Libyan tea is more than a beverage; it’s a strong part of the Libyan food culture. 

The tea in Libya is as thick as syrup. They use special stainless utensils to make tea and serve it in tiny glass cups. 

Tea is an ever-present food during family gatherings in Libya. Libyan tea allows you to immerse yourself in the country’s culture. When you visit, the locals will welcome you with tea. 

Mahalabia (Milk Pudding)


Mahalabia is a special dessert in Libya that is also popular in other Middle East countries. This milk pudding is made with semolina or starch, milk, and rice as basic ingredients. 

This Libyan food is believed to have originated in Iran from Arab cuisine. It holds a significant meaning to the Libyan people as it is synonymous with the holy month of Ramadan. The flavor of this food can vary but typically, locals use cardamom, rose water, orange water, and cinnamon to garnish this food. You can often choose from a selection of flavors when n you order this food in restaurants in Libya.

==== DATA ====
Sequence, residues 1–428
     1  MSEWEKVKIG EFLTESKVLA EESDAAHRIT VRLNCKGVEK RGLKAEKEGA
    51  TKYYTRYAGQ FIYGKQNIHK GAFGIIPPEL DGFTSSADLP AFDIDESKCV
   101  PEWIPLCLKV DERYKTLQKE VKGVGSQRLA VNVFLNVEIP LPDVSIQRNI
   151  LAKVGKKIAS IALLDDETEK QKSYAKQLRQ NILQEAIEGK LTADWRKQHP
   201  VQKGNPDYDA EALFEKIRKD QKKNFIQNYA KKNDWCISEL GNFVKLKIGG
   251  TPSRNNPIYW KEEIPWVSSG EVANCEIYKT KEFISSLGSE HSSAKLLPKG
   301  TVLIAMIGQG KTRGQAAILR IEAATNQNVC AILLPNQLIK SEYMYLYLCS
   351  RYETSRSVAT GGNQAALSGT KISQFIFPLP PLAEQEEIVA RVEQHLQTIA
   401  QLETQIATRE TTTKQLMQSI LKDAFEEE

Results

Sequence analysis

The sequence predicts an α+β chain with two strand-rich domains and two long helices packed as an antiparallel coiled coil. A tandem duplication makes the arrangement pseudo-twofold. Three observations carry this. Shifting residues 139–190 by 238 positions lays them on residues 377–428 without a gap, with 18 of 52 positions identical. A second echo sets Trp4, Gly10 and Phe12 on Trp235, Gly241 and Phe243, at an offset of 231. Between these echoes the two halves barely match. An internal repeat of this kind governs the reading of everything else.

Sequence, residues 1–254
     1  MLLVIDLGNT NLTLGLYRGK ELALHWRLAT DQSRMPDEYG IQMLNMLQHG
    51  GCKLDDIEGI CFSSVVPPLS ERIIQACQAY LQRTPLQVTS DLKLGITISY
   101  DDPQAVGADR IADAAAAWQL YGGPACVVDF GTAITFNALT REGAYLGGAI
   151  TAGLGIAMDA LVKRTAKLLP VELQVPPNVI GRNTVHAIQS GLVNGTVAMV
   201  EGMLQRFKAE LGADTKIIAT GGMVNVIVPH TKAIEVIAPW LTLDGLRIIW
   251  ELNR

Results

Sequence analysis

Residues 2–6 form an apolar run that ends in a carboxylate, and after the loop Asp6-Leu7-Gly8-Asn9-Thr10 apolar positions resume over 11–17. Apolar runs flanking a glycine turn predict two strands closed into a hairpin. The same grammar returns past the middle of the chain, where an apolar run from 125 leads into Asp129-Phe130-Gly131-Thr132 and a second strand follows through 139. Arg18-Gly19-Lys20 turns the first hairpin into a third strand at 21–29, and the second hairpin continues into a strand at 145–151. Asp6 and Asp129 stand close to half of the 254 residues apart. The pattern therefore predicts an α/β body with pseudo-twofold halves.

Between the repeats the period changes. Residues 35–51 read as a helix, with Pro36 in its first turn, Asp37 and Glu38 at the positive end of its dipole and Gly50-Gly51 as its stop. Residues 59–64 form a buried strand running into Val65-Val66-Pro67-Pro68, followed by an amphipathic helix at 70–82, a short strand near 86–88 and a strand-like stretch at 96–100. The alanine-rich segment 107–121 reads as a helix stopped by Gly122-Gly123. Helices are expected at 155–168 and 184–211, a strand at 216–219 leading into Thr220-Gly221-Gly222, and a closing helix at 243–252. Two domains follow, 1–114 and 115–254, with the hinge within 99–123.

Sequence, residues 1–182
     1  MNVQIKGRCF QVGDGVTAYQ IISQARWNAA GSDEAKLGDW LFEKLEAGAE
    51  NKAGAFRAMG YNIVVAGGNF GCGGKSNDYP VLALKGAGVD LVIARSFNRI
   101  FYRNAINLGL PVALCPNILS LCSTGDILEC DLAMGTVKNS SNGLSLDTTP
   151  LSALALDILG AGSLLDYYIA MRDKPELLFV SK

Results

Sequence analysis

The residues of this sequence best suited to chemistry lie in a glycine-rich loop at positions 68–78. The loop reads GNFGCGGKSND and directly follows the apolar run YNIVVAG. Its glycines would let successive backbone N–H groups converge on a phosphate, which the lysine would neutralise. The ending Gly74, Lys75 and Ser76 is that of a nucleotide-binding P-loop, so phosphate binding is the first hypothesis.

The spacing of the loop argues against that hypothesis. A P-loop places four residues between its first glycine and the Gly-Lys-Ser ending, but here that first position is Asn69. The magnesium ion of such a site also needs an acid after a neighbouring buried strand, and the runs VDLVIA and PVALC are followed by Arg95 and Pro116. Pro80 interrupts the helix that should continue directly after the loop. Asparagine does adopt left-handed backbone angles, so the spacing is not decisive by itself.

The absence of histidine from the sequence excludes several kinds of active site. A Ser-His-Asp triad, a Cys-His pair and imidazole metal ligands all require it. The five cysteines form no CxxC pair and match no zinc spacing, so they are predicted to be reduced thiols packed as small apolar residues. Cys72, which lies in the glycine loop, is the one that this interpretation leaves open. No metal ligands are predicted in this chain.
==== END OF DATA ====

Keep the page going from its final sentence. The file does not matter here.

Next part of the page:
Sahlab (Libyan Pudding Drink)


Sahlab is a popular food drink in Libya and the Middle East as it originated in the Ottoman Empire. This is a healthy drink to kickstart your day in Libya. 

Sahlab is best enjoyed warm or hot as it is good for cold and snowy days. This milky drink is a true work of art as it perfectly combines vanilla flavor with a mild buttery taste from coconut. It is often accompanied by walnuts, pistachios, and raisins for added flavor. 


Discovering Traditional Foods In Libya

Libyan foods are known for their special multicultural blend ranging from Italian to Arab, amongst other culinary cultures. There are dishes suitable for meat lovers and vegans. Libyan cuisine offers a rewarding experience for every food lover so be prepared for a culinary adventure when you visit the country. 



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Welcome To NomadsUnveiled
This is Rax. For over a decade, I have traveled to over 60 countries - from a budget backpacker to a business traveler, expat and then a digital nomad. You can find insights and perspectives from myself and other world travelers that will inspire your journey of discovery.